St. John's, Centreville
June 11, 2017
Trinity Sunday A
Matt. 28:16-20; Genesis 1-2
Come, Holy Spirit, come. Come as the wind and cleanse; come as the fire and burn; convert and consecrate our lives to our great good and your great glory; through Jesus Christ our Lord. Amen.
Today is Trinity Sunday, one of the seven principal feasts on the church calendar. Trinity Sunday is different from other feast days because today we are celebrating a church doctrine, a Christian belief about the nature of God and our relationship to God. On other feast days, we celebrate a specific event - the birth of the Christ child at Christmas, the resurrection at Easter, the coming of the Holy Spirit on Pentecost. So today is a different kind of celebration, a celebration about the mystery of God.
But why does it matter? Why do we need to know the relationship between Father, Son and Holy Spirit and us? Because each has a relationship with us. And that is what God is all about - relationships. The Trinity shows us the full revelation of God, but as humans we can't begin to understand it all. The Trinity as the full revelation of God is a mystery, one that we will never fully understand. It gives us an awareness of how much more God is, than we can ever begin to comprehend.
We want to know, analyze and explain the Trinity by our intellect, but what we are talking about is a mystery. The early church fathers were trying to describe the indescribable, their own mysterious experience of God. But in the end, words fail because mystery cannot be described by words, but rather by experience.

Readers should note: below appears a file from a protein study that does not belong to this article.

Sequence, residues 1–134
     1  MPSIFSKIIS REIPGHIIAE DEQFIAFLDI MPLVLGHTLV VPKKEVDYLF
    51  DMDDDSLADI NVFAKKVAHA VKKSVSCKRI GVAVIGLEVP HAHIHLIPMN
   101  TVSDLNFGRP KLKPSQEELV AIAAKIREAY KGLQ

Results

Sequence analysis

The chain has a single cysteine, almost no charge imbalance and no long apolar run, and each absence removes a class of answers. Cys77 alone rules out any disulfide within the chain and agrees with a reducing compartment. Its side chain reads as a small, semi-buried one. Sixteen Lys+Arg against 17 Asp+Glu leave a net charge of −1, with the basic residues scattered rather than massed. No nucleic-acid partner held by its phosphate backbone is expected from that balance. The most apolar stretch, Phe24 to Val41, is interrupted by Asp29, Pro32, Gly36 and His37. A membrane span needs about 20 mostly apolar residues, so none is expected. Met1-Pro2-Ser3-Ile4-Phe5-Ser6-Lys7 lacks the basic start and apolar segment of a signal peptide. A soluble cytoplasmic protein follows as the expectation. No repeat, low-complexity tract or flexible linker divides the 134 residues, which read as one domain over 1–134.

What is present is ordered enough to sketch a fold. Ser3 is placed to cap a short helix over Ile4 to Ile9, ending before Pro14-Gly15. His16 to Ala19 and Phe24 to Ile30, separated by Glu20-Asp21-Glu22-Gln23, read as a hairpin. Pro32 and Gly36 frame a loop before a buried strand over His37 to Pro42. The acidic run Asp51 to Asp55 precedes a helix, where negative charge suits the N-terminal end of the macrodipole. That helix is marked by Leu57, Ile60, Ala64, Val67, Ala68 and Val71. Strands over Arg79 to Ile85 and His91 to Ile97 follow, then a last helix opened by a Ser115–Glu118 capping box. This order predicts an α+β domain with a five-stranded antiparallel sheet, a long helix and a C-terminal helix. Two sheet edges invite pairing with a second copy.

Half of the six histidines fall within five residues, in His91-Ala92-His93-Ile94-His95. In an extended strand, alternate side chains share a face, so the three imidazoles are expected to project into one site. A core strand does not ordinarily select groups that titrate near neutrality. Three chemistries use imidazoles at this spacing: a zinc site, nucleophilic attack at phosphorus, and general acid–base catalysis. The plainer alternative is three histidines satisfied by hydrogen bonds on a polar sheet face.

In our Old Testament reading from the book of Genesis, we hear the first of the two creation stories. God forms the world out of nothing, creating order out of chaos, separating the light from the darkness, the land from the sea, the night from the day. And each thing God created, God called it good. The whole creation was called good by God, even the creation of humans, made in the image of God. God called it good!
God created us because of God's love for us, love that is universal and includes each person that God created. Scripture begins, not with the choosing of Abraham or the election of Israel. It begins with creation, meaning that God is a universal God, not a God of one people or nation or race. God's specialty is loving and caring for all creation, everything that God made. God loves, sustains and cares for the universe and all its inhabitants every day.
If we did not have the Trinity, we would not have a full picture of who God is. In Matthew's gospel, Jesus is sending the disciples out into the world. "Go therefore and make disciples of all the nations, baptizing them in the name of the Father, and of the Son, and of the Holy Spirit." The disciples could not teach and make other disciples without Father, Son and Holy Spirit. Teaching of one and not the other two would be an incomplete picture of who God is.